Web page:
California's new governor has a pricey plan for its colleges
- Incoming California Gov. Gavin Newsom may have to find more than $2 billion annually in the state budget to keep a promise to fund a cradle-to-career education system that includes two free years of community college, EdSource reported.
- The free college initiative would cost an estimated $92 million per year, in addition to the millions the state spends on fee waivers for low-income students. Newsom 's plan to provide universal preschool for 4-year-olds could cost as much as $2.35 billion annually. This year's budget calls for $46 million for students to attend tuition-free for one year.
- Newsom's campaign promises also include reinstating a coordinating council, which was disbanded in 2011, for the California Community Colleges, California State University and the University of California systems. California is one of two states that doesn't have such a body.
Newsom is not alone among governors facing challenges to their plans for higher education, but his plight brings to light two of the most significant issues faced by officials in higher education and state government: low levels of state funding for colleges and universities and calls to make at least two years of college tuition free, which former President Barack Obama had made a goal for all community colleges.
Data from the Center for Budget and Policy Priorities shows California is one of only four states that has increased its support for higher education since the Great Recession. It is providing slightly more (0.3%) than it did in 2008, while only three other states appropriated more: Hawaii (5.4%), Wyoming (7.8%) and North Dakota (16.1%).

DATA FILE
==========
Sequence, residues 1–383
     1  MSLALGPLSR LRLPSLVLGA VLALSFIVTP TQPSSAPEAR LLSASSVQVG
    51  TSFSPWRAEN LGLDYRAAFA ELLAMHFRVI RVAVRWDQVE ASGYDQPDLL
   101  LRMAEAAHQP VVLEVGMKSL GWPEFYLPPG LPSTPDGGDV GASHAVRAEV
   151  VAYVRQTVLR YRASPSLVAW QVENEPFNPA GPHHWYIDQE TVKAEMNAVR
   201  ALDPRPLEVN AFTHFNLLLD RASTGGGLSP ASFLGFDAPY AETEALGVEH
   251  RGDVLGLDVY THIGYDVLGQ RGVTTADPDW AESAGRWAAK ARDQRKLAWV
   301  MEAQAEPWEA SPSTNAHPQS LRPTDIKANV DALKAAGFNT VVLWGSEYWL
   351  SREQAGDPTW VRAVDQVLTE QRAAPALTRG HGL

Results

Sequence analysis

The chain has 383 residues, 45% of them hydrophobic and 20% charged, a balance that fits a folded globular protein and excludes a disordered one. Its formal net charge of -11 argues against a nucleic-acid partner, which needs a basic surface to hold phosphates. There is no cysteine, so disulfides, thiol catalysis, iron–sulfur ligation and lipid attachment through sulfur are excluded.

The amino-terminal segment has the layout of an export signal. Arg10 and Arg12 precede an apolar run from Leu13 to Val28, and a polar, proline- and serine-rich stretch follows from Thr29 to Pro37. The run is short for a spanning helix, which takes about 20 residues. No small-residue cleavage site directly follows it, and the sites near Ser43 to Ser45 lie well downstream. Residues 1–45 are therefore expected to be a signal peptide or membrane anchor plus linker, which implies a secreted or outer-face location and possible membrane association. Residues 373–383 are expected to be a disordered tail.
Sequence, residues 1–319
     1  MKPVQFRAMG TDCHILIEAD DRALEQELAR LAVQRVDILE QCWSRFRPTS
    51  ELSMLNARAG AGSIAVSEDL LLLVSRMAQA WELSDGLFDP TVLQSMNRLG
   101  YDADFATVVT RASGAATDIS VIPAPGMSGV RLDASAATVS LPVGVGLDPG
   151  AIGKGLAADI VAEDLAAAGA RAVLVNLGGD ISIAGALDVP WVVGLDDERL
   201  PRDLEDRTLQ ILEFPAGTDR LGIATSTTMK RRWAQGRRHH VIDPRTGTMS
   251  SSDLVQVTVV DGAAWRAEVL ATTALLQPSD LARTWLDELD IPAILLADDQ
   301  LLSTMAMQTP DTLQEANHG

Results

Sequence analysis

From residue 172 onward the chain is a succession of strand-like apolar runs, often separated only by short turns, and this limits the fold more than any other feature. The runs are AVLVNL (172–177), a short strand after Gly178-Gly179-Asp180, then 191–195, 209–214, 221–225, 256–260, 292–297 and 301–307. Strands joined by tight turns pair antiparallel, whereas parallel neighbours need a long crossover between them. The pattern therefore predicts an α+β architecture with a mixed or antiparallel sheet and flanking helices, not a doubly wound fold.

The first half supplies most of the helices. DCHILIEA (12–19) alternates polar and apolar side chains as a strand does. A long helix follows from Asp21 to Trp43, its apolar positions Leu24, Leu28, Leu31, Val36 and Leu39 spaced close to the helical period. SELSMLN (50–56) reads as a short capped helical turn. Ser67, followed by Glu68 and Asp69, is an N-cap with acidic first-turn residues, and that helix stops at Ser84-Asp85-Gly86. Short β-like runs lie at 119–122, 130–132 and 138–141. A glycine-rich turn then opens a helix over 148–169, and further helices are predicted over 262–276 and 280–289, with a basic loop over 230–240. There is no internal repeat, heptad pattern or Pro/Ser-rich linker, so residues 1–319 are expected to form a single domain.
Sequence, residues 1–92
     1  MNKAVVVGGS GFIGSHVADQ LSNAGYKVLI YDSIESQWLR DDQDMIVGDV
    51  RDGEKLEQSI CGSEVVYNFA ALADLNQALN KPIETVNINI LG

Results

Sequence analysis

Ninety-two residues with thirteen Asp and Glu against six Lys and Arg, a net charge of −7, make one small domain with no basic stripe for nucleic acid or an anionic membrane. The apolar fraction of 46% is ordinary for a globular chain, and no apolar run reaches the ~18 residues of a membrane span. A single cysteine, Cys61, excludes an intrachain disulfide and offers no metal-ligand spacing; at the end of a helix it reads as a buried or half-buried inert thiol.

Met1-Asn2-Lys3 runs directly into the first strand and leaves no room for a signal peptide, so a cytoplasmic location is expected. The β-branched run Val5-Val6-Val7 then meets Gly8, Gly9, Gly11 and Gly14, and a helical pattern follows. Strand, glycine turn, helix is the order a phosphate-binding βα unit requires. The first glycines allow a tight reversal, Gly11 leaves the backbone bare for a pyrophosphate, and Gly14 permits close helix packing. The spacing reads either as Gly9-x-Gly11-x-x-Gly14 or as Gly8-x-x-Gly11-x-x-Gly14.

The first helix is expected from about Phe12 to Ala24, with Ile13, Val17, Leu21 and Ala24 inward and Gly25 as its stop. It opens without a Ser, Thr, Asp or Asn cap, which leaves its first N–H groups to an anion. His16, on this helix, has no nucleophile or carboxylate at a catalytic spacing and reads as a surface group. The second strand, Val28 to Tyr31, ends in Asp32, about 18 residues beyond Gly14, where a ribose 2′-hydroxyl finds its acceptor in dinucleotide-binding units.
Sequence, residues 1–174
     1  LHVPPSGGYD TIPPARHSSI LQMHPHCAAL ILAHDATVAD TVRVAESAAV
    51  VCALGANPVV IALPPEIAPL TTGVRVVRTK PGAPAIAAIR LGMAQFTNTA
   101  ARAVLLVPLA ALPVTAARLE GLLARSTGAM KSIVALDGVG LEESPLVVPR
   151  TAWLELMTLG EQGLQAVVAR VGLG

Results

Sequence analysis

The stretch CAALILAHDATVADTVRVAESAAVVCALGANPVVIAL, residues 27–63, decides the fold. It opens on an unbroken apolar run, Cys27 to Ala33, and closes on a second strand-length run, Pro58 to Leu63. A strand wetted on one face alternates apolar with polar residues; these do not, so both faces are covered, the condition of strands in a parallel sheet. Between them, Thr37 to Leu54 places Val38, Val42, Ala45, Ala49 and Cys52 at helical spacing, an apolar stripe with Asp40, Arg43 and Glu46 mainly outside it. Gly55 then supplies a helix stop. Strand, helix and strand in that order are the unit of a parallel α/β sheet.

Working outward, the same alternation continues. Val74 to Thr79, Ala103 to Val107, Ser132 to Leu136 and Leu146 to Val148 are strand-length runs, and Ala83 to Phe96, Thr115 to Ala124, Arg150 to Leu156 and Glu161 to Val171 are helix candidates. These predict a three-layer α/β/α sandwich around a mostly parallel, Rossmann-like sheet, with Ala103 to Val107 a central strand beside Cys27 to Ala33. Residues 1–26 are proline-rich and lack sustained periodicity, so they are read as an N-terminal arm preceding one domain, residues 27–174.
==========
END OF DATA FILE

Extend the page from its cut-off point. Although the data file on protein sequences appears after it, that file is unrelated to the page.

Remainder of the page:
Higher education funding in other states has gone down during that period, in some cases considerably. Arizona has slashed funding nearly 56% since 2008, followed by Louisiana (down 40.6%) and Pennsylvania and Oklahoma, where funding is about 37% lower in each state. The reduced funding has forced some colleges to close or consolidate and others to raise tuition, speed up fundraising, and make major cutbacks in faculty, staff and programs.
Some colleges are looking to free college programs to help support enrollment while making sure graduates stay in the state and join its workforce.
Last year, Rhode Island passed legislation offering two tuition-free years at the Community College of Rhode Island (CCRI). Students must be state residents and recent high school graduates, though students from any income bracket are eligible. State lawmakers didn't approve part of Gov. Gina Raimondo's proposal to extend the program to the state's four-year colleges, though doing so was part of Raimondo's re-election campaign, which was successful.
CCRI reported a 47% spike in full-time enrollment this fall, largely attributed to the free tuition program, though a small share of those students is on track to graduate in two years, the Providence Journal reported.
About 10 candidates for governor in the recent midterm elections supported free college, but advocates have faced challenges obtaining approval from state legislators.